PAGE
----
GNOME developers say these changes are to support multiple devices including the touchscreen ones. I understand that. But removing menus isn't a cool thing. For example, I used to issue the shortcuts Alt + T > D to select the word counting option from the Tools menu in Gedit. Now there is only one menu which looks like the super menu present in browsers and mobile phones. The worst thing is, it doesn't support keyboard shortcuts (or, did I miss something?). Hope they can offer different types of menus based on the device type.
I could make the status bar visible by editing /org/gnome/gedit/preferences/ui/statusbar-visible using dconf Editor. Still to explore more options.
I had noticed a mail from the mailing list of Swathanthra Malayalam Computing, reporting the absence of Malayalam keyboard layout in Debian 9 and the inability to install it by standard means. At least this issue wasn't a surprise to me.
GNOME finally has an integrated 'standard' input system which claims to support all major languages. But I couldn't find any Indian languages there (except Hindi, if I remember correctly).
Here is the details of the bug, which seems to have got fixed by now:
Before that this is what I tried:
Turned of the integrated IM to try other methods including fcitx (thanks to the official documentation):
gsettings set org.gnome.settings-daemon.plugins.keyboard active false
Tried different methods, and fcitx worked. But the regular layout switching mechanism didn't work as expected. I had to launch the whole configuration screen each time I had to switch the layout (to move the required layout to the top of the list).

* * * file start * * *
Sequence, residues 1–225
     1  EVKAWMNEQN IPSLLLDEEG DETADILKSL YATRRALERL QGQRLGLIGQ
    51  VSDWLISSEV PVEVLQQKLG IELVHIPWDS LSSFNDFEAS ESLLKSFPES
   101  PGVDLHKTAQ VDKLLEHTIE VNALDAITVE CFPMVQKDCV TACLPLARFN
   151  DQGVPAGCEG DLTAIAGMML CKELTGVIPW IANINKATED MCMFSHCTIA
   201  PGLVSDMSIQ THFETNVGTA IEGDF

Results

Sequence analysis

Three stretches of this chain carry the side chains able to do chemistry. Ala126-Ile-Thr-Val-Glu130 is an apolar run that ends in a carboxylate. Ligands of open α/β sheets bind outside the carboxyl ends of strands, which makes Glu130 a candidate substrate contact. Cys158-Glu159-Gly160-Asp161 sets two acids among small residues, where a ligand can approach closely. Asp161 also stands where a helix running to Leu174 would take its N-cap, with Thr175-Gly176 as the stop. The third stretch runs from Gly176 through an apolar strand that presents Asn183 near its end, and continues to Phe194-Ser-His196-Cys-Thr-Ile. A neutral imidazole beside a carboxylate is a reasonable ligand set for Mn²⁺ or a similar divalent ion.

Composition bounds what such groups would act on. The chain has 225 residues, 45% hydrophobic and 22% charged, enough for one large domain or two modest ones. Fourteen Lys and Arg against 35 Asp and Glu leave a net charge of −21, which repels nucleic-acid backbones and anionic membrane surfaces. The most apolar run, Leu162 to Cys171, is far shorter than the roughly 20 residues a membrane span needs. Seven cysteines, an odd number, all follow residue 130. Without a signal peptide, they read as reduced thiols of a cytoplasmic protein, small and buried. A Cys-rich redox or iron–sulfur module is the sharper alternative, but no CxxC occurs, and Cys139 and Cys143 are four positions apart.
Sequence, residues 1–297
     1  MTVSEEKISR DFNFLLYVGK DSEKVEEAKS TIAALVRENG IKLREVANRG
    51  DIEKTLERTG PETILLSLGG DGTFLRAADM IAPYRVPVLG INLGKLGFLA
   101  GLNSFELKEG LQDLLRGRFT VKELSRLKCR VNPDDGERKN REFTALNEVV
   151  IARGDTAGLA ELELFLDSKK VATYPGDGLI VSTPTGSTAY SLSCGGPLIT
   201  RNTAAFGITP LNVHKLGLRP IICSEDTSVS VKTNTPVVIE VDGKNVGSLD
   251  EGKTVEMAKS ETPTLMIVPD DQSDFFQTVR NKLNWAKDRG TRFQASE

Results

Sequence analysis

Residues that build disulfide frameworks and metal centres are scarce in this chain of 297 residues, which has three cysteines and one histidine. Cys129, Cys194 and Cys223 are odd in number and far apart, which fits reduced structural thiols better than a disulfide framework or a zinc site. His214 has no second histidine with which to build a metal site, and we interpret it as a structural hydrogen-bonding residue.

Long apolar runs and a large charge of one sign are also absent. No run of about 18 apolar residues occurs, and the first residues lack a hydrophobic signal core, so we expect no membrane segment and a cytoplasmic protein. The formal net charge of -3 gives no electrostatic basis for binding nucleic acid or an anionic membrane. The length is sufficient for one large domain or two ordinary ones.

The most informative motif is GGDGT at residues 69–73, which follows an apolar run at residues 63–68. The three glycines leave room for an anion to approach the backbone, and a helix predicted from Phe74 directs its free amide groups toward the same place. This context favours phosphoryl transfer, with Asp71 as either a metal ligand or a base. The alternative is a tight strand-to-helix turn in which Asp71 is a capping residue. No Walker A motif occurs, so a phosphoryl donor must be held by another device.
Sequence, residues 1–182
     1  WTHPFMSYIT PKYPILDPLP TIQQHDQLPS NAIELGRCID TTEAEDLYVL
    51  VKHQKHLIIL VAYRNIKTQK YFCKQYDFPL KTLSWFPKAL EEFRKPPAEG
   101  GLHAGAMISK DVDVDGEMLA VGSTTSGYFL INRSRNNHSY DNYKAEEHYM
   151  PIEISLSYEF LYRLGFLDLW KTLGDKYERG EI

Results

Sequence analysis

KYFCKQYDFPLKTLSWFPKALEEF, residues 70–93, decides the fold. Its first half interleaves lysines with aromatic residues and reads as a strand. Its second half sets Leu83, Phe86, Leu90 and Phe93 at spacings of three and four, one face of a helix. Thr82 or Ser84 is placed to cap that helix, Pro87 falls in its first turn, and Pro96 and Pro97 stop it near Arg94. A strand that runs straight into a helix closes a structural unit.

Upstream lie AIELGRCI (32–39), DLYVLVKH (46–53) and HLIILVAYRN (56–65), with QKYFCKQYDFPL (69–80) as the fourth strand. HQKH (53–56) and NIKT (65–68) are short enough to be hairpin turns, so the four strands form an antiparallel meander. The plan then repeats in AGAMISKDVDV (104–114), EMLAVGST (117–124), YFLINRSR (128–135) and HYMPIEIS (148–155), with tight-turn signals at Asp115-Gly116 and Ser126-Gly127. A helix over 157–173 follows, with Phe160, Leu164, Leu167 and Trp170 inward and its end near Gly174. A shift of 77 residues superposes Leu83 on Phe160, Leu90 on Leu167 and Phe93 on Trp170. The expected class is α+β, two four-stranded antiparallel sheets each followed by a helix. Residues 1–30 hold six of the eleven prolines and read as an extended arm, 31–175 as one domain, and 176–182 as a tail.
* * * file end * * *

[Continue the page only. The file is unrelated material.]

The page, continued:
Then I found this page, where the command to switch the XKB layout directly was given:
So I wrote a shell script, wrapping the commands I needed:
#!/bin/sh if [ -f /tmp/ml ]; then setxkbmap us rm /tmp/ml else setxkbmap in -variant mal cat /dev/null > /tmp/ml fi
Then I created a shortcut for it (which was the next difficult thing since GNOME Shell had eaten up almost all combinations). What I have now chosen is Right Ctrl + Menu.
HP LaserJet 1020 plus is the printer I use today. Unlike Canon printers, HP printers have a good support on GNU/Linux. If I face any issue, I can manually install the latest version of hplip, and the issue will probably get resolved.
But to my surprise, model-specific detection or driver issues weren't the problem here. No printer was supported at all. When I opened Settings > Printers, it showed a message Sorry, the system printing service doesn't seem to be available.
A quick search on the web suggested that I should be running the CUPS service, which I tried and failed. Then I checked the package list to find
cups wasn't installed at all! I don't think
cups is a package that breaks Debian policies. I'm using the main repository and
cups is present there. So why is one of the most basic components missing by default?
However, I installed the package
cups manually, and the issue got resolved:
sudo apt-get install cups
When I did that, everything was easier. I got the printer detected without any issue. Still it didn't print. I had expected that to happen. Now I installed the package
hplip, and ran
It prints now. Sadly, hplip needed some non-free plugin to get all of the printer.
A developer should consider any non-user-friendly situation an opportunity to learn and create new things. Installation of Debian 9 was also such an opportunity to me. But it was more than an educational experience. After all these workarounds and some additional tweaks, I have actually started loving it! Seems I won't be using the customized Ubuntu 14.04 installation anymore (except for 32-bit testing).
Written by Nandakumar Edamana and originally posted on nandakumar.org. Verbatim copying of this article or selected parts permitted, provided this message is preserved.
Read more from Nandakumar at nandakumar.org/blog